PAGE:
This surprisingly intelligent British fantasy opens a few days before Christmas. Steve is being released from prison after serving two years: he was a getaway driver in a botched robbery. All he wants is to spend some time with his son, Tom, who's terrified his father will disappoint him. After a brief argument with his mother, Tom writes a letter to Santa and places it in the fireplace (a British tradition which frankly makes a hell of a lot more sense than dropping it in a mail box). As soon as the room's empty, a gust of wind carries it up the chimney then promptly takes it to the shed behind his house. Because that's where Santa Claus is hiding out. After a test flight gone bad, he was knocked off his sleigh. His deer are lost, and he needs help. Before long, Tom finds him and gets the whole story. Santa specifically wants Steve's assistance - he remembers him from when he was a child and believes he'll be able to make things right. Tom calls his father and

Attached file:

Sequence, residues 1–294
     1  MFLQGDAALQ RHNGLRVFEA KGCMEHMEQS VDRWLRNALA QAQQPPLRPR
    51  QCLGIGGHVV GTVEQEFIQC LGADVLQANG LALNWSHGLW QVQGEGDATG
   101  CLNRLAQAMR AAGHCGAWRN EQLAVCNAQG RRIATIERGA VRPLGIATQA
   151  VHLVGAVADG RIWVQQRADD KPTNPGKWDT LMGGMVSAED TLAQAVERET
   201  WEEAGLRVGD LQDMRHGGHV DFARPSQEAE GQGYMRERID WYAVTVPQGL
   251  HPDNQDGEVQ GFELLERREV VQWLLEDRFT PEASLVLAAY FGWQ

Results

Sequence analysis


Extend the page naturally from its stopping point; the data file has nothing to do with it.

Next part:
Mickey's Magical Christmas: Snowed in at the House of Mouse (2001)

Oh yay, something else from that dark time for Disney characters I mentioned in the review of Mickey's Once Upon a Christmas . I had always been sort of curious about House of Mouse, the show that this special is spinning out of, because it plays with the idea that all the Disney characters live and work together. (For other spins on this, see Who Framed Roger Rabbit and Bonkers.) However, after seeing it I feel as though I dodged a bullet by avoiding this until now. The set-up is simple: House of Mouse is always a clip-show, consisting of short cartoons bridged by a flimsy frame story set in the nightclub that Mickey and company run. This special is structured the same way. The first half-hour has three shorts, one from 1952 and two from 1999. It's astonishing that anyone was stupid enough to put these disparate pieces of animation together, because the difference in quality was so pronounced. The minute the 1952 piece started (it's one we've touched on before,

Star Wars Snow Globe